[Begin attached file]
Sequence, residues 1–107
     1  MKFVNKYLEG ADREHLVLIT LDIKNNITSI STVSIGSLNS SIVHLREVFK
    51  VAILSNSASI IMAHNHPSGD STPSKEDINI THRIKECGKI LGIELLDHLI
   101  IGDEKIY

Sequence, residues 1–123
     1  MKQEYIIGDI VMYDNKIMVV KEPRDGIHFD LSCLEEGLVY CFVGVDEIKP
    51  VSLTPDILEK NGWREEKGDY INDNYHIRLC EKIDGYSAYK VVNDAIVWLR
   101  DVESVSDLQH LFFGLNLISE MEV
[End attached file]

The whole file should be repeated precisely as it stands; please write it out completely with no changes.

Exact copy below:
Sequence, residues 1–107
     1  MKFVNKYLEG ADREHLVLIT LDIKNNITSI STVSIGSLNS SIVHLREVFK
    51  VAILSNSASI IMAHNHPSGD STPSKEDINI THRIKECGKI LGIELLDHLI
   101  IGDEKIY

Sequence, residues 1–123
     1  MKQEYIIGDI VMYDNKIMVV KEPRDGIHFD LSCLEEGLVY CFVGVDEIKP
    51  VSLTPDILEK NGWREEKGDY INDNYHIRLC EKIDGYSAYK VVNDAIVWLR
   101  DVESVSDLQH LFFGLNLISE MEV